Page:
A group 13 including 9 Rotarians and partners travelled to Cambodia in February 2020 to view the hospitals we have been supplying with medical equipment and make contact with the hospital senior staff.  We also of course set out to have fun, which we certainly did.  The trip was a great success, provided considerable inspiration and cemented contacts that should benefit the project.
The primary purpose of the tour was to visit the hospitals.  We visited five hospitals in total, the Siem Reap Referral Hospital, and then the Russian (formally known  as the Khmer Soviet Friendship Hospital), Kossamak (formally known as the Cambodia-China Friendship Preah Kossamak Hospital), Kampong Speu and Centre of Hope Sihanouk Hospitals in Phnom Penh, and were welcomed warmly by the hospital managers.
We were all amazed to learn of the considerable contribution we have made to the hospitals there.  We had been previously told by Dr. Tim Keenan that our contribution was substantial, and this became very evident on visiting the hospitals.  In some of the new wards, almost all of the equipment was supplied by Rotary, predominantly by the Osborne Park Club. 
In Pip’s words, “Seeing nine years of effort of collecting and sending hospital and medical equipment to Cambodian hospitals and witnessing the assistance we are providing public patients, has been very gratifying. It ratified our Rotary motto, Service Above Self.  
Whilst the conditions in the local hospitals has been greatly enhanced by our shipment, they are still in great need of support.  The use of improvised slings to support orthopedic patients, and the sight of a child on a drip in a hammock outside the building testifies to this.  As Ray observed, “Like a lot of third world countries, the great divide between wealth and poverty was very evident e.g. one gold Buddha statue made of gold was worth $6 million, yet there are people living in tin sheds. The hospital visits were very confronting.”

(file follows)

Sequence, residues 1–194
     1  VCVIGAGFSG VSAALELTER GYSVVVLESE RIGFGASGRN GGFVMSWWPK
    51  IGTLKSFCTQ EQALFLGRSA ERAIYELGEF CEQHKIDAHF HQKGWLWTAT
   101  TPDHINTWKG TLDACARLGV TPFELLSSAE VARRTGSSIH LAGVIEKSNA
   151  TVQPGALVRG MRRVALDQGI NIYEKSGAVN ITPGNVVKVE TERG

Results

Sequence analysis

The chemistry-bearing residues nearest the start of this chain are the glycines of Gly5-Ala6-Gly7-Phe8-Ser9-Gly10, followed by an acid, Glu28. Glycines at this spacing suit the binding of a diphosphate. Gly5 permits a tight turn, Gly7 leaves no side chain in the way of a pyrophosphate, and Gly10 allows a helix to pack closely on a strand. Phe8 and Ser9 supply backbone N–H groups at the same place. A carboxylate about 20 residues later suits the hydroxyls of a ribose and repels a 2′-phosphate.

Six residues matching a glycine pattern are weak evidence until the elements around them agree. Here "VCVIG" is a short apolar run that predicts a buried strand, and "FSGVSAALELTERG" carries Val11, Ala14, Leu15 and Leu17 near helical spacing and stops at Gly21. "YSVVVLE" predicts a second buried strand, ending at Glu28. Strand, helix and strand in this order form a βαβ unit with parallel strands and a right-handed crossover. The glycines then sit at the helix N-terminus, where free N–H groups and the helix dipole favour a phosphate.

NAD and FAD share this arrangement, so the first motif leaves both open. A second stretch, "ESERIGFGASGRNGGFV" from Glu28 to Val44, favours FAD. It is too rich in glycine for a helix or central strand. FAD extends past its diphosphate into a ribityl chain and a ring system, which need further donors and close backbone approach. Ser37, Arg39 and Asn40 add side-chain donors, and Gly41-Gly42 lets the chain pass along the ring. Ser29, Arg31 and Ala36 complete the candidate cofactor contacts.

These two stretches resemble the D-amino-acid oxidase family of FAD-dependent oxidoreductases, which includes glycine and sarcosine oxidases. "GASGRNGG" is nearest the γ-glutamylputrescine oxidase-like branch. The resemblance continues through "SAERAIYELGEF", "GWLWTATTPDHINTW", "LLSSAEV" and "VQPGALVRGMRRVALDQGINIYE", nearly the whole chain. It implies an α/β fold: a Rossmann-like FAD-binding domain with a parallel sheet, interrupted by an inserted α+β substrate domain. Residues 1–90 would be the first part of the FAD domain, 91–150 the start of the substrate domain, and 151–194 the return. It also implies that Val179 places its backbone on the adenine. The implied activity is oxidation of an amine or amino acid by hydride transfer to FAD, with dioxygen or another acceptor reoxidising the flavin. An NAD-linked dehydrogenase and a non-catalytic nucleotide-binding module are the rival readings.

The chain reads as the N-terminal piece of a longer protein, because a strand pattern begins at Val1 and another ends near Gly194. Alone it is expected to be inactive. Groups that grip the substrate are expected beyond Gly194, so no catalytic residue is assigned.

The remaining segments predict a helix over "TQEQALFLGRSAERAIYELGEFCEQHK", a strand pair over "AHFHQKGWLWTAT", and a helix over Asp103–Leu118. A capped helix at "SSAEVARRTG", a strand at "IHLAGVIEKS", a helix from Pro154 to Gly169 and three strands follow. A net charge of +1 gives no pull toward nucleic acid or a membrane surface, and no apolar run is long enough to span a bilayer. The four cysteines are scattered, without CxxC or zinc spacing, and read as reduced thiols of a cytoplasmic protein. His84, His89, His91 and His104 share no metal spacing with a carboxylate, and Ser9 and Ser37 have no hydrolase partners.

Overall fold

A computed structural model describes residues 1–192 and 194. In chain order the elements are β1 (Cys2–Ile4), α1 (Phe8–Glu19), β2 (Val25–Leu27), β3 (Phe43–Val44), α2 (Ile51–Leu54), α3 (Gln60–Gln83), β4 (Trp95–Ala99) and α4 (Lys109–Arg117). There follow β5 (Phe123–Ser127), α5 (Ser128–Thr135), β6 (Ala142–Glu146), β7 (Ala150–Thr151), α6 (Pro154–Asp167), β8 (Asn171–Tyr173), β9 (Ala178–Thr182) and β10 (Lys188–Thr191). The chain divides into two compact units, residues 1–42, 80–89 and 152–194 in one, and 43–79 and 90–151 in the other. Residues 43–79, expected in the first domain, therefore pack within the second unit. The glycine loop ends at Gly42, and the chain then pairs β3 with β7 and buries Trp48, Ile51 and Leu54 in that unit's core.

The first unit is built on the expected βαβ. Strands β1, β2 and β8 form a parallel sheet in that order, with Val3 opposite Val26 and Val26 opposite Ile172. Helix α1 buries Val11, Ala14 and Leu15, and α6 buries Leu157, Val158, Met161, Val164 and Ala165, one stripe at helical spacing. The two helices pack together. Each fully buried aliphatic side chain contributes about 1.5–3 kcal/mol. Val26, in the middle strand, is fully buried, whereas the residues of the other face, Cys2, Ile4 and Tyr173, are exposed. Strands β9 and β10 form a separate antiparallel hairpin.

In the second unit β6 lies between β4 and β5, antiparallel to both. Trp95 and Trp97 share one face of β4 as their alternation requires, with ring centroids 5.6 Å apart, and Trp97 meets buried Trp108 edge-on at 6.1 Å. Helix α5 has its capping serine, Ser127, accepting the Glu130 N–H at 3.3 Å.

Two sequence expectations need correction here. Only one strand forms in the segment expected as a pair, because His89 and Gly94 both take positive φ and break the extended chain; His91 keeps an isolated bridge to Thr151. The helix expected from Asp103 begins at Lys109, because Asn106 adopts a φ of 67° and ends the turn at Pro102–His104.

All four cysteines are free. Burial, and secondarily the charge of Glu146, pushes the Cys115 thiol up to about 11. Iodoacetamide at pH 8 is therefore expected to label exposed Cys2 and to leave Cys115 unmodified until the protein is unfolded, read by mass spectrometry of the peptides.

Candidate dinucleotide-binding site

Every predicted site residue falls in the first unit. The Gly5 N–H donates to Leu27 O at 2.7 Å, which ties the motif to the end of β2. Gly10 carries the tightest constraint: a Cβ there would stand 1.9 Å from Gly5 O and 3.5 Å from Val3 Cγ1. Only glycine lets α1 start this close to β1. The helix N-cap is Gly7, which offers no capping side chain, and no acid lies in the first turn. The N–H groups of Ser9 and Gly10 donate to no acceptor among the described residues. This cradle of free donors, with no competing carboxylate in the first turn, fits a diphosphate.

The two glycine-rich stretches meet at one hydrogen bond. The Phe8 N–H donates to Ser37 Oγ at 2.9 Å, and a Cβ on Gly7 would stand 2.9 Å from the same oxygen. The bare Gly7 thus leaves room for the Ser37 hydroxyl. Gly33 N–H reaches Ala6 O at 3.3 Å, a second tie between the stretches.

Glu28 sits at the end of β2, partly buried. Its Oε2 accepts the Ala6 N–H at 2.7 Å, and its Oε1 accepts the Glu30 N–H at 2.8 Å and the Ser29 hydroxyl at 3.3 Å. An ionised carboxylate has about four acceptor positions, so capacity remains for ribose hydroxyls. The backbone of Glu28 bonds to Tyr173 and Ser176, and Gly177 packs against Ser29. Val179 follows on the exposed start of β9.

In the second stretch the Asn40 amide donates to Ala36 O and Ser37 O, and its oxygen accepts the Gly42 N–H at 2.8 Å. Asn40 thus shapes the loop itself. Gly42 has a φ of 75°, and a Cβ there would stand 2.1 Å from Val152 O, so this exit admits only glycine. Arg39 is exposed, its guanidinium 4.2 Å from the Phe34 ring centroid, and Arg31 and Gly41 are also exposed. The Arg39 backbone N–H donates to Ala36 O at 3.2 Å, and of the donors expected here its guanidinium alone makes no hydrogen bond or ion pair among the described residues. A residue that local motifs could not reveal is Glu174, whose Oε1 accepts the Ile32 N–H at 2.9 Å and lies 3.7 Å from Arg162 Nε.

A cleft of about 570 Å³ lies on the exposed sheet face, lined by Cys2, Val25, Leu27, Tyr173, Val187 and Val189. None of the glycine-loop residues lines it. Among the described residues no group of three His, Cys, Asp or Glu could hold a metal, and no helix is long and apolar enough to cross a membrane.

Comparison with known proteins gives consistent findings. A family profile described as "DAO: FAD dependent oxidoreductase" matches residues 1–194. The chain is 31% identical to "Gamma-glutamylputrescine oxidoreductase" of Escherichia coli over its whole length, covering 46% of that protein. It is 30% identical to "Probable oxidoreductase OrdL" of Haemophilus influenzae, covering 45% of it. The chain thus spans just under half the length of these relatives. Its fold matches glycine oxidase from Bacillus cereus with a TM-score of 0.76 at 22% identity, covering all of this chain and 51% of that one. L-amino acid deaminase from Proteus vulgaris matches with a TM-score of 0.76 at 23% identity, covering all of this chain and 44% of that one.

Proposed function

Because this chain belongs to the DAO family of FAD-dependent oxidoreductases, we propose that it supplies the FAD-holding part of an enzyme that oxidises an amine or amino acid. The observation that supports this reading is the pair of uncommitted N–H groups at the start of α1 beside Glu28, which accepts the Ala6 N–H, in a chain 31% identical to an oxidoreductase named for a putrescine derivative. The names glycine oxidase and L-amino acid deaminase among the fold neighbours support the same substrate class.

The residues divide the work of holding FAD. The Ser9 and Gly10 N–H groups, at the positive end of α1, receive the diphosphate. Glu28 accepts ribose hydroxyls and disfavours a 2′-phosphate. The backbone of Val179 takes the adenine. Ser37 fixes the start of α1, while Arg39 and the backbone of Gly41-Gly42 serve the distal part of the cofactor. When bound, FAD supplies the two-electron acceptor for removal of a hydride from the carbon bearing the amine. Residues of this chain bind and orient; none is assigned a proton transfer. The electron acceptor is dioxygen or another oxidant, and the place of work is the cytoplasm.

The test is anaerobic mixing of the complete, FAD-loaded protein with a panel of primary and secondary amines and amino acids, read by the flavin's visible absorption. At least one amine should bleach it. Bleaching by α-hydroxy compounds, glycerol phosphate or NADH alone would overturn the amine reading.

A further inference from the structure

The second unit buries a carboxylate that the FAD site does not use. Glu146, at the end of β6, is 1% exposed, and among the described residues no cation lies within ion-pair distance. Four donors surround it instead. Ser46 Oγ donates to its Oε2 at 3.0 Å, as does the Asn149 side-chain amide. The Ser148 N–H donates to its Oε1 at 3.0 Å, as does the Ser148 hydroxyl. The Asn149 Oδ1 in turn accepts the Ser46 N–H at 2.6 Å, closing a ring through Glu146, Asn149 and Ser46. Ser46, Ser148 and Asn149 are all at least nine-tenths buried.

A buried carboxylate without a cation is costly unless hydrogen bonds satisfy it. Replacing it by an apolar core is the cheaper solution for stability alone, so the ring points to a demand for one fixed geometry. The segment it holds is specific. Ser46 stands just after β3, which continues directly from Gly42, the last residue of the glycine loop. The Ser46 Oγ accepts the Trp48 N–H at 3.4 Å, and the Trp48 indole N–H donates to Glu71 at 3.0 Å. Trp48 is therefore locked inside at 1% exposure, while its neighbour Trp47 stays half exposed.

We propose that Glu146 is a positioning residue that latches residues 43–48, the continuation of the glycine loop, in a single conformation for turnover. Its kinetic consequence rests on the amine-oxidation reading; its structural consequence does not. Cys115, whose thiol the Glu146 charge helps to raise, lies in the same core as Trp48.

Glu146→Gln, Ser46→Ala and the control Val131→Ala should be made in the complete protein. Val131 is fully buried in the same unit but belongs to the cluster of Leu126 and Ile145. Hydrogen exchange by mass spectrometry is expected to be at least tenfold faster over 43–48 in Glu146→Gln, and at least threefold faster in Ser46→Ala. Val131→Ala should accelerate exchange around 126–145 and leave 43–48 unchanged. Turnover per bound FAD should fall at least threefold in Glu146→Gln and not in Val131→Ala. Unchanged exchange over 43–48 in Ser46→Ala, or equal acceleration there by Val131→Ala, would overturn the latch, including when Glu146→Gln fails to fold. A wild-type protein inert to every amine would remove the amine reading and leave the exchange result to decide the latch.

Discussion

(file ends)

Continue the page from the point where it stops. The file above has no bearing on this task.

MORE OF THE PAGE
Following a tour of the Russian Hospital, one of the ones we have we have contributed a lot to, the hospital Director Professor Ngy Meng, who presented us with a Certificate of Appreciation for our contribution at a ceremony in their board room.  We in turn presented them with a certificate in appreciation for the time the doctors donate to the hospital without payment.  A similar certificate of appreciation was given to Professor Bunn Duong and the staff at the Kossamak Hospital, who also donate their time. 
As Mike observed, “The trip was very rewarding, to see where our hard work in collecting all the medical equipment etc. and seeing it’s going to a worthy cause in Cambodian Hospitals, makes you feel good.”   Terry also observed that “it was so rewarding to visit the hospitals, where the medical equipment is installed and in use. When I look back at the many hours taken to collect the equipment, store it in our container and repack it into the shipping container, I feel very proud of this wonderful project, particularly after visiting Cambodia.”
It was not all hospital business of course, we also visited the usual tourist sites and had lots of fun.  In Siem Reap we visited the amazing Angkor Wat, which is considered one of the seven wonders of the world, and were impressed by the substantial facilities constructed by the Khmer Empire some 900 years ago.  The standard of construction and extensive carvings testify to a very advanced civilization.